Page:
There’s some good new TV and movies coming down the pike and we’ve got the first look at the new trailers. Don Cheadle and Regina Hall have a new 80’s themed Wall Street show coming to Showtime, Quincy Brown (Al B. Sure’s son and Diddy’s stepson) and actress/singer Kat Graham have a new movie The Holiday Calendar headed to Netflix, and Insecure‘s Jay Ellis stars in a thriller based on the popular Escape Room attractions, though hopefully those are not as scary in real life as the one in the movie.

Here are the trailers and release dates for all three. Which one are you feeling?

ESCAPE ROOM 

Jay Ellis, Taylor Russell

Six strangers from different walks of life including an executive (Jay Ellis) and a college student (Russell of Lost In Space fame) are invited to compete to win a million dollars by being the first to crack the code to get out of the Escape Room. As you can imagine, things soon turn scary.

BLACK MONDAY

Showtime comedy series about October 19, 1987 when the stock market lost a quarter of its value on a single day. Cheadle plays Rod Jaminski, Wall Street’s first Black millionaire.

Showtime, January 20th, 2019

THE HOLIDAY CALENDAR 

Netflix, November 2

Kat Graham. Ron Cephas Jones, Quincy Brown

A woman receives a holiday calendar from her grandfather and magical things start happening.

PHOTO: Showtime


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Jim Taylor, Hall of Fame Former Fullback for the Green Bay Packers, Dies at 83

(GREEN BAY, Wis.) — Hall of Fame fullback Jim Taylor of the Green Bay Packers has died at 83.

The team says a family friend told the Packers he died early Saturday.

Taylor played on the great Packer teams and was the league’s MVP in 1962. He won four NFL titles and scored the first rushing touchdown in Super Bowl history.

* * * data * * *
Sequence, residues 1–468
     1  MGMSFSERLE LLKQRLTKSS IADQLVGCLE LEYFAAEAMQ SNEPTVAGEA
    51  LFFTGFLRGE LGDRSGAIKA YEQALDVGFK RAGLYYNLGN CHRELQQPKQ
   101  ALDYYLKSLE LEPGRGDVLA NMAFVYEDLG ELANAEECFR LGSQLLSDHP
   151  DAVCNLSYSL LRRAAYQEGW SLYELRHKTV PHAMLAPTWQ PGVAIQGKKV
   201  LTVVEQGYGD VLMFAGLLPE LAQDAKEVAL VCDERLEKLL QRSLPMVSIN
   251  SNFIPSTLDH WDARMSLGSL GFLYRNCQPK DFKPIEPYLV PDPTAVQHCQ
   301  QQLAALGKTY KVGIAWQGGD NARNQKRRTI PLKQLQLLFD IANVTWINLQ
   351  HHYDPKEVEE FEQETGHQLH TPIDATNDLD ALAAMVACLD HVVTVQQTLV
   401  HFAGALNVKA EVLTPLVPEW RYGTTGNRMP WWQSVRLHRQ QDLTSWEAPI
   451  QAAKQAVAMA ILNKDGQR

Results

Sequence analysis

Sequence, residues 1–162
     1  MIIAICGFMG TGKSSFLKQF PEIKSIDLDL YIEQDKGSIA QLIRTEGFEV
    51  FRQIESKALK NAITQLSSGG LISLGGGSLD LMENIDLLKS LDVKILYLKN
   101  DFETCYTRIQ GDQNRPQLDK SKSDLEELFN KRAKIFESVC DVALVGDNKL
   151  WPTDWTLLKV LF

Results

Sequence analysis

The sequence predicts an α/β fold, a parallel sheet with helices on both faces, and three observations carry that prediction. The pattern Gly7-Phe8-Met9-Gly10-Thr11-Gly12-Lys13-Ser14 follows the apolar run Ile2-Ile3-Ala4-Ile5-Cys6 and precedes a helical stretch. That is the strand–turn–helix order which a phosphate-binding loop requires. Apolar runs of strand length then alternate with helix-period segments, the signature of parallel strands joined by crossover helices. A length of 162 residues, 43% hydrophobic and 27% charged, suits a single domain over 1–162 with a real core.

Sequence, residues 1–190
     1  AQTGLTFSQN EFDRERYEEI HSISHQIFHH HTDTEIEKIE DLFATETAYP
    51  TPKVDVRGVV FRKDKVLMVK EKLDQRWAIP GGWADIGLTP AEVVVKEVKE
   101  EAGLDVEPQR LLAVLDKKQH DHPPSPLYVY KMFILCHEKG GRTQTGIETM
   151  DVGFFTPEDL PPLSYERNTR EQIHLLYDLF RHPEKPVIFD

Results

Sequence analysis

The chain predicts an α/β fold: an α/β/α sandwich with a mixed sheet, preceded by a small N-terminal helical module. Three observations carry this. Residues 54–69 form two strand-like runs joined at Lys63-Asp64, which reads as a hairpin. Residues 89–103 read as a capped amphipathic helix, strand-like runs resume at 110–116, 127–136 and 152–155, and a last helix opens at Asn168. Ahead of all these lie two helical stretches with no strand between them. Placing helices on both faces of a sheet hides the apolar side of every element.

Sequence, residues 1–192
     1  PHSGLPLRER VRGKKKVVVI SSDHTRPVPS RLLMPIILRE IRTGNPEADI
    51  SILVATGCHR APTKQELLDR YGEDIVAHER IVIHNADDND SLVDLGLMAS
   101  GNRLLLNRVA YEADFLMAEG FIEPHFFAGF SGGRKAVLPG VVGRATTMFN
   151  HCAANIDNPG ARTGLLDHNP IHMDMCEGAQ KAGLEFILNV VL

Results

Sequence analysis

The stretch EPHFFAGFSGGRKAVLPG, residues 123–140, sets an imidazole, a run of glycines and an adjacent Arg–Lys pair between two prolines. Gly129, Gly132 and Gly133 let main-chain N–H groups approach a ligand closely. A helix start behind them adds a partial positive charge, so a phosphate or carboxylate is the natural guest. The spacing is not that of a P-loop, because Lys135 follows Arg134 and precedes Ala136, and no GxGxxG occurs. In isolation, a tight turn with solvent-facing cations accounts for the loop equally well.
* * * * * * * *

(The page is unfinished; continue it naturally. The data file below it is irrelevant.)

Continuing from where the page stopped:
Taylor spent 10 seasons in the NFL after being drafted in the second round by Green Bay in 1958 out of LSU. He joined a backfield that featured Paul Hornung and began to thrive when Packers coach Vince Lombardi took over in 1959.

Lombardi came up with the concept of the Packers Sweep, which featured pulling guards and Taylor or Hornung running around the end. But it was 6-foot, 216-pound Taylor who showed the play’s punishing promise.

Sports – TIME

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Photo Flash: Audra McDonald and Renee Fleming Open the 2018- 2019 Season at Carnegie Hall with The San Francisco Symphony

Tonight, Carnegie Hall opened its 2018-2019 season with a sold out gala benefit concert featuring theSan Francisco Symphonyconducted by Music Director and Carnegie Hall Perspectives artistMichael Tilson Thomas.The programincluded Gershwin’sCuban OvertureandAn American in Parisas well as Liszt’sMephisto WaltzNo. 1. Mr. Tilson Thomas and the orchestra were joined on this celebratory occasion by renowned sopranosRenee FlemingandAudra McDonaldoffering vocal selections by Gershwin, Rodgers, Villa-Lobos, Stephen Sondheim, and others.
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Common, Regina Hall, and Russell Hornsby Share Lessons from ‘The Hate U Give’